WEDNESDAY, Oct. 16 (HealthDay News) -- People who carry a certain genetic mutation associated with Alzheimer's disease have double the rate of debilitating brain-tissue loss, a new study finds.
People with this mutation, known as the TREM2 gene variant, may also develop the disease three years earlier than expected, the researchers said.
"Our lab studies the rate of brain-tissue loss in elderly people, trying to discover factors that protect you as you age. We have never seen such a dramatic effect as with this genetic variant," study lead author Paul Thompson, a professor of neurology at the University of Southern California, said in a news release.
"If you carry this genetic mutation, we've found that there is this wildfire of tissue loss in the brain," he said.
In the study, the researchers mapped the effects of the gene mutation on the living brain using MRI scans. "This is the first study to use brain scans to show what this gene variant does, and it's very surprising," Thompson said.
The two-year study, published Oct. 17 in The New England Journal of Medicine, showed that people with the TREM2 gene variant associated with Alzheimer's lose their brain tissue much more quickly.
The research involved nearly 500 adults from North America, averaging 76 years of age. One hundred had Alzheimer's disease, 221 had some impairment in memory or thinking, and 157 were healthy.
People with the gene mutation lost 1.4 percent to 3.3 percent more of their brain tissue than those who did not carry the mutation. This more extensive brain loss, which took place primarily in areas of the brain responsible for memory, also proceeded twice as quickly in those with the mutation.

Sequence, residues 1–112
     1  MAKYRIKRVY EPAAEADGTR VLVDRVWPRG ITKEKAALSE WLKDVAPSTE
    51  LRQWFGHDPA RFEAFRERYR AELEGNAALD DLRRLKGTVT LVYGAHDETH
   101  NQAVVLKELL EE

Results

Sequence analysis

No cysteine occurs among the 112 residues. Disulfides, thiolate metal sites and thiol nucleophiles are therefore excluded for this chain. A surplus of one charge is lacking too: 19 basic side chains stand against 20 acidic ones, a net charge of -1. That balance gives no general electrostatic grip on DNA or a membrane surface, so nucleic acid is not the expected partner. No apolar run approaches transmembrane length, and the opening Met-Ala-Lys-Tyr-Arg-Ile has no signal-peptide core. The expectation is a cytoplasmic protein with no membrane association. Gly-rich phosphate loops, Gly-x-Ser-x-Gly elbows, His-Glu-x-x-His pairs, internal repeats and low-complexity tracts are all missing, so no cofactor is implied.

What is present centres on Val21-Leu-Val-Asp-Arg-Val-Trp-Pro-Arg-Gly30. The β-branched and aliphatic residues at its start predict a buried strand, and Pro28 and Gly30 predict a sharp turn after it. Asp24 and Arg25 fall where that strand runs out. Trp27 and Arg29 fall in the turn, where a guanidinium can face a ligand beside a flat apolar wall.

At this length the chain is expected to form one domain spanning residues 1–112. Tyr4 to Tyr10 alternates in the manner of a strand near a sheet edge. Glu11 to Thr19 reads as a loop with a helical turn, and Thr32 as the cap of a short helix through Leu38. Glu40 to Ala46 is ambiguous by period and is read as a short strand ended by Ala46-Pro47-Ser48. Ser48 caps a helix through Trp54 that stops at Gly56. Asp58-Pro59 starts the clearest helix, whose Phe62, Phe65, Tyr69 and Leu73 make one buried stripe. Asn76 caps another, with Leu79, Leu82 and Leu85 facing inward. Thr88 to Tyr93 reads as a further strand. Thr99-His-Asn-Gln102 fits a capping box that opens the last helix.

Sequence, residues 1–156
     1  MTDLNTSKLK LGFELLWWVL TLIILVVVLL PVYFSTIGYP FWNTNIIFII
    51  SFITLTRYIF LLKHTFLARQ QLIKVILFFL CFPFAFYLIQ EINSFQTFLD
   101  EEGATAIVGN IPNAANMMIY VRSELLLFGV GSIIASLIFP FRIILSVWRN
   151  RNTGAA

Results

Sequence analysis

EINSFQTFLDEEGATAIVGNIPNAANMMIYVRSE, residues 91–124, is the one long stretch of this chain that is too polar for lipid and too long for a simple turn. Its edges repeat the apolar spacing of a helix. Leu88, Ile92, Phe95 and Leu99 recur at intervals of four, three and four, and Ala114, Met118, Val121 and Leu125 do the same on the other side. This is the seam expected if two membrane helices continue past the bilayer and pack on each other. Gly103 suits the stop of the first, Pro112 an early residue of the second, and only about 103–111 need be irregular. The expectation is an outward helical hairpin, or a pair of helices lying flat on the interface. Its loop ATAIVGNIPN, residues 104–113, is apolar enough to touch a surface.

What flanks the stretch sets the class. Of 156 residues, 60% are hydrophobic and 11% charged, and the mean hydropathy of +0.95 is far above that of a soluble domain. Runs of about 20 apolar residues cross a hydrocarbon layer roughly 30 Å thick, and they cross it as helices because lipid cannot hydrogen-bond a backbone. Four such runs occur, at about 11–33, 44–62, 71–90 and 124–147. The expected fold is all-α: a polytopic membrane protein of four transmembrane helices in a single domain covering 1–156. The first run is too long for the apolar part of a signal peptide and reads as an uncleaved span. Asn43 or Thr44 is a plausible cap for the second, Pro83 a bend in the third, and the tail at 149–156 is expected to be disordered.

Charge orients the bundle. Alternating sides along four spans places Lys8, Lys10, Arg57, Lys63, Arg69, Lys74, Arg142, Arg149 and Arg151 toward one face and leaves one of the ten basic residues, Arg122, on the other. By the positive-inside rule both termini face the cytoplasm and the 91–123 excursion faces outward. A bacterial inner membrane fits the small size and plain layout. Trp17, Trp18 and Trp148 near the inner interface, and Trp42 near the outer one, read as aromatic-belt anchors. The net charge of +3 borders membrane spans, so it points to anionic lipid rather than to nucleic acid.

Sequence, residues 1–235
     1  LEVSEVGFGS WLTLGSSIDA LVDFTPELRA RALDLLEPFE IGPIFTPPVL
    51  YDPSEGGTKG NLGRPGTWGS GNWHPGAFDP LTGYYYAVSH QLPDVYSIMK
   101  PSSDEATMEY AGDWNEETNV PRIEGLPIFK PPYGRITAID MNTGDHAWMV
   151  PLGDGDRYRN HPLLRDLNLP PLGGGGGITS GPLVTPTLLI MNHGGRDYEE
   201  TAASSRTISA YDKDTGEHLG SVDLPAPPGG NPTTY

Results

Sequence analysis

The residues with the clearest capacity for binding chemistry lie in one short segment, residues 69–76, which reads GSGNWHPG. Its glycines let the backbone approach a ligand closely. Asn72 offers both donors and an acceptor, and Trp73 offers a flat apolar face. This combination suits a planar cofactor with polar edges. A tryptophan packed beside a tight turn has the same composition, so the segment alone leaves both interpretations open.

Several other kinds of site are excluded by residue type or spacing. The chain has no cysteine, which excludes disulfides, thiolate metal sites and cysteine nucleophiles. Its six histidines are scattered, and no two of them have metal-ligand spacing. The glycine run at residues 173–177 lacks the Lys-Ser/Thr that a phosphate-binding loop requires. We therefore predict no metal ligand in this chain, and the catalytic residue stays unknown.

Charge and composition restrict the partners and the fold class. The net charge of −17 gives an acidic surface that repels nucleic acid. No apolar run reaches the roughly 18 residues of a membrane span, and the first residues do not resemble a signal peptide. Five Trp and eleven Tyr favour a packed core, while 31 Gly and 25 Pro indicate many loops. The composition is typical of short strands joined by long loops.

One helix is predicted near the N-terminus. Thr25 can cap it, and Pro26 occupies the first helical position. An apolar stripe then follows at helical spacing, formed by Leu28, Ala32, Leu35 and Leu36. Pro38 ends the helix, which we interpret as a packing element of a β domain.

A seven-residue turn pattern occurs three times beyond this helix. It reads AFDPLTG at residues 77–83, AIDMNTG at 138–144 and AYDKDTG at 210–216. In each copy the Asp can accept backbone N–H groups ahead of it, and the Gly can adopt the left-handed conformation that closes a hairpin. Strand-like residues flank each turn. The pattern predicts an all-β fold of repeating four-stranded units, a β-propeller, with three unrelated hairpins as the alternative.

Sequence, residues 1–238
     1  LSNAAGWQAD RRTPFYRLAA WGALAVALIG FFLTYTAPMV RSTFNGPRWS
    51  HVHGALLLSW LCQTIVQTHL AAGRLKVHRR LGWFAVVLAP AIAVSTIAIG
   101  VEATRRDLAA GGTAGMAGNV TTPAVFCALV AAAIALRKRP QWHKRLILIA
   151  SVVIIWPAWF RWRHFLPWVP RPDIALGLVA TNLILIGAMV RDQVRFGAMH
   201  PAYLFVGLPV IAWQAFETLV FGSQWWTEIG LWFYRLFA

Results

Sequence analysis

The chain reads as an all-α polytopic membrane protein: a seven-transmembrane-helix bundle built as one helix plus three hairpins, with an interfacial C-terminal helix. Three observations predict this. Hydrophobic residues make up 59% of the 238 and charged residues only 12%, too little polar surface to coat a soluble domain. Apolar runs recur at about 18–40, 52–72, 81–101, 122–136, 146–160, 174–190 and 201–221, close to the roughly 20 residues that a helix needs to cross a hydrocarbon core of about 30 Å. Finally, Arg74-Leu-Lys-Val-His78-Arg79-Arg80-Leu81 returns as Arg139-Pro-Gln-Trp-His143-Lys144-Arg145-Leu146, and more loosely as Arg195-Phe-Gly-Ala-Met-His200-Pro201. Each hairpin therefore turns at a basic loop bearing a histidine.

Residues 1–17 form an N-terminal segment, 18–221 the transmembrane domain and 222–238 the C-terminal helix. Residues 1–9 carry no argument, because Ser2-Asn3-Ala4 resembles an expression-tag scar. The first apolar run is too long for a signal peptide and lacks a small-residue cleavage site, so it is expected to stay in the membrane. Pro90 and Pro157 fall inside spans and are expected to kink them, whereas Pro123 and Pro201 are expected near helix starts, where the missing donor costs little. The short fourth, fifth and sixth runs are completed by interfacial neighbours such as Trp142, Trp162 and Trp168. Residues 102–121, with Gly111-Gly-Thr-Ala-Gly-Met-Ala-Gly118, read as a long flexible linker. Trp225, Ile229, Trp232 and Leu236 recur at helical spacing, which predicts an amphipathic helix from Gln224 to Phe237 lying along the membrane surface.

"This gene speeds up brain loss at a terrific pace," Thompson said. "Carriers of this genetic mutation, who comprise about 1 percent of the population, lose about 3 percent of their brain tissue per year. This is a silent time bomb in 1 percent of the world."
Although healthy people usually lose less than 1 percent of their brain tissue per year, this loss is offset by the creation of new normal tissue from mental stimulation. For those with Alzheimer's, however, symptoms typically appear once about 10 percent of their brain tissue has been destroyed.
Thompson's team said the findings might have real importance in speeding research into effective Alzheimer's treatments because if studies targeted people who carry this mutation, answers to vital questions might become apparent more quickly.
"Enrolling those people who carry the mutation in clinical trials for Alzheimer's treatments could help us reach quicker and more meaningful results," Thompson said.
The U.S. National Institute on Aging provides more information on Alzheimer's disease.
SOURCE: University of Southern California, news release, Oct. 16, 2013
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